“On the other hand, major risks can be present when AVs are implemented for individual use, depend on fossil fuels, lead to more miles traveled, exacerbate traffic congestion, and increase occupancy of public spaces; all of these factors result in more sedentarism, degradation of the urban environment (air quality and noise), and reductions in the amount of public space available for social interaction and physical activity.”

Fewer cars = better public health

There is, however, an alternative to automobiles and we were able to witness the effects of those alternatives during COVID-related shutdowns in 2020―when our air became cleaner and our populations became healthier, despite the looming presence of a pandemic.

According to the fitness tracking device Fitbit, when shutdowns first occurred the week of March 22nd, 2020, the US saw a 12 percent decline in the number of steps taken compared to the same week the year prior. Cities with the strictest shelter-in-place orders, such as San Francisco and New York, saw declines closer to 20 percent.

But then something interesting happened: In April, once we started working-from-home in earnest and shelter-in-place orders became less strict, we started getting more workouts per week than we did last year with walking, biking, and yoga all surging in popularity. Forty-two percent of users increased their active minutes during that time with 31 percent maintaining their usual average. 

And then, because we didn’t need to wake up as early to drive to work, we started sleeping longer and more consistently. Forty-five percent of Fitbit users increased their sleep duration in April and bedtimes normalized. We’ve been going to bed earlier on weekends and later on weeknights, resulting in less “social jet lag,” a factor that can negatively impact heart health. 

Thanks to this sudden increase in movement and sleep, Fitbit reports that our resting heart rate has dropped by 1.26 beats per minute in users aged 18-29, a huge win for heart health!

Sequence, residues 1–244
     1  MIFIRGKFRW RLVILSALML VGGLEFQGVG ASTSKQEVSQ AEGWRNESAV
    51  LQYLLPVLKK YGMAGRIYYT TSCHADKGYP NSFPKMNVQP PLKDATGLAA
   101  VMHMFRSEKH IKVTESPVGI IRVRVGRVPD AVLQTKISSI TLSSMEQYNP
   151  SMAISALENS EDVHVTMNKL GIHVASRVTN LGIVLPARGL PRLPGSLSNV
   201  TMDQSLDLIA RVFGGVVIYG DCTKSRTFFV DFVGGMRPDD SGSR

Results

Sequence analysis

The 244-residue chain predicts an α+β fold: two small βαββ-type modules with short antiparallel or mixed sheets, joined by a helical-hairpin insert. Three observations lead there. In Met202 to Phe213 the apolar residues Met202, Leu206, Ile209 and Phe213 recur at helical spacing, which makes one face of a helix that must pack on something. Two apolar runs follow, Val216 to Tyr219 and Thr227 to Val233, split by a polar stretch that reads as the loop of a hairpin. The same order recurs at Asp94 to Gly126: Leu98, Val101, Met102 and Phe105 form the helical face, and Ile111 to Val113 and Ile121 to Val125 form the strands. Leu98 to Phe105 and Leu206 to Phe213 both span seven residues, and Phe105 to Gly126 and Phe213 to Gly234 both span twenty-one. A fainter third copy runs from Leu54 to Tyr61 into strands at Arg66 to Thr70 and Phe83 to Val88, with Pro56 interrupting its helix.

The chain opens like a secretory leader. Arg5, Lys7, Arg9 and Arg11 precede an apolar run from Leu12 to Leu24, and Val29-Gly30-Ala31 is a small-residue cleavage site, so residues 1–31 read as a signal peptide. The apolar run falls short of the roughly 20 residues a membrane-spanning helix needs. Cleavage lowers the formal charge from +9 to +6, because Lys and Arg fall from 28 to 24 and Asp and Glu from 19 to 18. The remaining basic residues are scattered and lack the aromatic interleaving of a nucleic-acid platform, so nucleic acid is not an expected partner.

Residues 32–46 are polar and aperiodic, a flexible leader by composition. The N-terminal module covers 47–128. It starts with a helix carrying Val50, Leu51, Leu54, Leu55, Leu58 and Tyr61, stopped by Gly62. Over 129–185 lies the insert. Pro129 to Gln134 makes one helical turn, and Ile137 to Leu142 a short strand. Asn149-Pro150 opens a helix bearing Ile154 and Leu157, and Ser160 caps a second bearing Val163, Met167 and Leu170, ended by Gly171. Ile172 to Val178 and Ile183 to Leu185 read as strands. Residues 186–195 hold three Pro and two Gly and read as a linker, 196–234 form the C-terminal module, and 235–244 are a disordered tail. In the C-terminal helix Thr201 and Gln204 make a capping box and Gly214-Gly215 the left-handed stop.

More bikes = better public health

The fact that we are getting outside more is something of an understatement. National Parks have been inundated with visitors, campgrounds have been booked up, RV sales are skyrocketing, trails are overflowing, and Backcountry is scrambling to keep up with the suddenly ravenous demand for kayaks and paddleboards. But one industry, in particular, has seen an absolutely meteoric rise: the bike industry. 

In the second quarter, new car sales were down 34.3 percent while new bike sales were up 71 percent. The sudden surge in bike sales created shortages and supply-chain issues no one in the industry could have foreseen. “We’re selling a lot of bikes,” says Kevin Tisue, director of engineering at Pivot Cycles.“Obviously people are home and they want to get outside and do stuff because they don’t want to go do other things in public so they are buying bikes to do that.” 

If the bike rush is any indication of our current mindscape, it’s clear we’ve re-imagined our lives for a more active world. “It’ll be interesting to see how it lasts and what people do with all the bikes they are buying and whether they keep using them,” Tissue says. “One would hope that that would lead to a longer-term effect.”

That longer-effect is in reach if we want it, all we have to do is design for it. “Most streets are 132 feet wide,” Norris says, “and we’re dedicating less than 5 percent of them to people, whether that’s walking or streets with bike lanes. Twenty percent of our population can’t drive a car, but we’re only giving them five percent of the space.”